Some Types of Fire Related Hazards Present During and After an Earthquake
- Appliances, furniture, and household products can shift, fall, and spill.
- Gas, chemical and electrical hazards may be present.
- Leaking gas lines, damaged or leaking gas propane containers, and leaking vehicle gas tanks could explode or ignite.
- Pools of water or even appliances can be electrically charged.
FEMA Earthquake Fire Safety Fact Sheet
- Look for flammable liquids like gasoline, lighter fluid, and paint thinner that may have spilled.
- Thoroughly clean the spill and place containers in a well-ventilated area.
- Keep combustible liquids away from heat sources.
- If you can safely get to the main breaker or fuse box, turn off the power.
- Look for items that might have jarred loose during the earthquake.
- Appliances or power connectors could create a fire hazard.
- Assume all wires on the ground are electrically charged. This includes cable TV feeds.
- Look for and replace frayed or cracked extension and appliance cords, loose prongs, and plugs.
- Exposed outlets and wiring could present a fire and life safety hazard.
- Appliances that emit smoke or sparks should be repaired or replaced.
- Have a licensed electrician check your home for damage.
- Smell and listen for leaky gas connections. If you believe there is a gas leak, immediately leave the house and leave the door(s) open.
- Never strike a match. Any size flame can spark an explosion.
- Before turning the gas back on, have the gas system checked by a professional.
- Follow the manufacturer’s instructions and guidelines when using generators.
- Use a generator or other fuel-powered machines outside the home. CO fumes are odorless and can quickly overwhelm you indoors.
- Use the appropriate sized and type power cords to carry the electric load. Overloaded cords can overheat and cause fires.
- Never run cords under rugs or carpets where heat might build up or damage to a cord may go unnoticed.
- Never connect generators to another power source such as power lines. The reverse flow of electricity or ‘backfeed’ can electrocute an unsuspecting utility worker.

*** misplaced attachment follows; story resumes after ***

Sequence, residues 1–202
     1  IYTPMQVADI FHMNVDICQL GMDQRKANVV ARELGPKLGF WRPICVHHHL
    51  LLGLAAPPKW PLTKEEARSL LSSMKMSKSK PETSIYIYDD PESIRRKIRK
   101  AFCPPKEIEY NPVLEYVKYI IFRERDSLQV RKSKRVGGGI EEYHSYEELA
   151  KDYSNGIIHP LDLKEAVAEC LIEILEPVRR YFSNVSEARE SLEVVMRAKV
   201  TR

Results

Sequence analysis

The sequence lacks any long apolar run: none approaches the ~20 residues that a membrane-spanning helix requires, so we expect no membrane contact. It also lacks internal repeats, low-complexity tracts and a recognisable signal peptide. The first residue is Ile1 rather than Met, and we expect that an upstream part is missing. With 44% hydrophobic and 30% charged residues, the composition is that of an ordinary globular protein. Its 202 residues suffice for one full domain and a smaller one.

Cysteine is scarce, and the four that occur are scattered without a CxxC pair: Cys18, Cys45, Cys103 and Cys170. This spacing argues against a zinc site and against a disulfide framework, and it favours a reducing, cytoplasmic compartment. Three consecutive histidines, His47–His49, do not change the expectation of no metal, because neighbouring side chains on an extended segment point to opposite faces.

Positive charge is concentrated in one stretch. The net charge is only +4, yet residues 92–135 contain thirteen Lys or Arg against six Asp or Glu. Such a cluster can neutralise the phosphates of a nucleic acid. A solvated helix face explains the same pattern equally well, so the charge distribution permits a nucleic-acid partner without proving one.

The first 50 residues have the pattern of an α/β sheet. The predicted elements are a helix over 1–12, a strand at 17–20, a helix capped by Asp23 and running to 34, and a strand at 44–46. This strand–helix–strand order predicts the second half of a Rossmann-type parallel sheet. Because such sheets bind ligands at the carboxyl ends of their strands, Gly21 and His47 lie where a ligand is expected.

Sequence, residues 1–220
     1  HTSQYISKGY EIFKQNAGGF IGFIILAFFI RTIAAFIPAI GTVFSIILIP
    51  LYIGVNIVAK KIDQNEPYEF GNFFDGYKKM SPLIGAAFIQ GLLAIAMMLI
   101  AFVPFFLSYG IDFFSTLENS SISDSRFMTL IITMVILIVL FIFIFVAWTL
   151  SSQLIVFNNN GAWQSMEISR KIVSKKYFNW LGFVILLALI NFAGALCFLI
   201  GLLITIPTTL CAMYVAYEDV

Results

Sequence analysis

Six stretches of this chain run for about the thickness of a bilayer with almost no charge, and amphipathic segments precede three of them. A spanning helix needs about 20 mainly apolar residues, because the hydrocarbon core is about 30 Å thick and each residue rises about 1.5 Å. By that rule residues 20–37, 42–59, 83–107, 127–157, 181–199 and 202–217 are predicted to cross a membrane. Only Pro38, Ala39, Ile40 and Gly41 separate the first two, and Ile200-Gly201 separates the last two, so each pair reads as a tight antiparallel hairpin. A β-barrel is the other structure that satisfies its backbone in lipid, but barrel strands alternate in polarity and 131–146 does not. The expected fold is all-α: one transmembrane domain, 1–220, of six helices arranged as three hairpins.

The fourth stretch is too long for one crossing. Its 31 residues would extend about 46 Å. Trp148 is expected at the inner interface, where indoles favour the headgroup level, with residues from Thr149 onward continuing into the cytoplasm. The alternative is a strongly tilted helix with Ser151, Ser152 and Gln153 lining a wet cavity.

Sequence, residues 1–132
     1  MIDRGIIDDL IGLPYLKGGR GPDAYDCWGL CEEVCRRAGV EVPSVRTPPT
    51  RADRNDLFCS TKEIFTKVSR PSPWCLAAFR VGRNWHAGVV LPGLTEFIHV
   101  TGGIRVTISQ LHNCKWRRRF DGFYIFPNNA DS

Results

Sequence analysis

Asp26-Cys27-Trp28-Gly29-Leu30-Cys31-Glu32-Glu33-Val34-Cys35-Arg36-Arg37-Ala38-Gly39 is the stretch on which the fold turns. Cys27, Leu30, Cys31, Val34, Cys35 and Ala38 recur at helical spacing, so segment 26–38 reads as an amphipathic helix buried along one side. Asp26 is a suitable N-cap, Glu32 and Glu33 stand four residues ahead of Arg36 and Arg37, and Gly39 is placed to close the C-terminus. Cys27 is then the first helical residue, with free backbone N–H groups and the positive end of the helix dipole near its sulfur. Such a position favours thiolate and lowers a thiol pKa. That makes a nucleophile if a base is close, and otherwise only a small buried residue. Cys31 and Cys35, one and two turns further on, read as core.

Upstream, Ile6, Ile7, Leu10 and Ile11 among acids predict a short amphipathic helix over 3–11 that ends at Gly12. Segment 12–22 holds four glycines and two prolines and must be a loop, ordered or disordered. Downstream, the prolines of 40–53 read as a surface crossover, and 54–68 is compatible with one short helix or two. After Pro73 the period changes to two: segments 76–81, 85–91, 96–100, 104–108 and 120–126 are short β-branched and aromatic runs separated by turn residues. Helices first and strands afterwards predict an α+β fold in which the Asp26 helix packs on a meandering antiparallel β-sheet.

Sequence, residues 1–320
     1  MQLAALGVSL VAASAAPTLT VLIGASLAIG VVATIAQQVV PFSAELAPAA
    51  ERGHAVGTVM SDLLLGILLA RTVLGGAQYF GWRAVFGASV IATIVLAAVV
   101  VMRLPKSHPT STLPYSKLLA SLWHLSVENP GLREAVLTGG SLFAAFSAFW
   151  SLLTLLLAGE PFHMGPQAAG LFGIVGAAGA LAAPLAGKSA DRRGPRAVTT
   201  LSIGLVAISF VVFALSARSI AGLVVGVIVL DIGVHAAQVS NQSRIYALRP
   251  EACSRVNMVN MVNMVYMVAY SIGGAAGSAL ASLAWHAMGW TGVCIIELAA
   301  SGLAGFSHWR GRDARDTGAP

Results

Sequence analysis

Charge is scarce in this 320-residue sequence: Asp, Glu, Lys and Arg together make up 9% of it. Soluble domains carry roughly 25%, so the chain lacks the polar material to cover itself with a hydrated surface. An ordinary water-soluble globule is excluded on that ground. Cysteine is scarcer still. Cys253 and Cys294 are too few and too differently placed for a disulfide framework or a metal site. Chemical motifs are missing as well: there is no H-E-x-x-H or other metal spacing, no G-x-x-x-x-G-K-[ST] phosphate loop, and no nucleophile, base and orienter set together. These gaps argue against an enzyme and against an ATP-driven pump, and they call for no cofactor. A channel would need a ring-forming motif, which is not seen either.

- Kerosene heaters may not be legal in your area and should only be used where approved by authorities.
- Do not use the kitchen oven range to heat your home. In addition to being a fire hazard, it can be a source of toxic fumes.
- Alternative heaters need their space. Keep anything combustible at least 3 feet away.
- Make sure your alternative heaters have ‘tip switches.’ These ‘tip switches’ are designed to automatically turn off the heater in the event they tip over.
- Only use the type of fuel recommended by the manufacturer and follow suggested guidelines.
- Never refill a space heater while it is operating or still hot.
- Refuel heaters only outdoors.
- Make sure wood stoves are properly installed, and at least 3 feet away from combustible materials. Ensure they have the proper floor support and adequate ventilation.
- Use a glass or metal screen in front of your fireplace to prevent sparks from igniting nearby carpets, furniture or other combustible items.
- Always use a flashlight – not a candle – for emergency lighting.
- Some smoke alarms may be dependent on your home’s electrical service and could be inoperative during a power outage. Check to see if your smoke alarm uses a back-up battery and install a new battery at least once a year.
- Smoke alarms should be installed on every level of your home.
- All smoke alarms should be tested monthly. All batteries should be replaced with new ones at least once a year.
- If there is a fire hydrant near your home, keep it clear of debris for easy access by the fire department.
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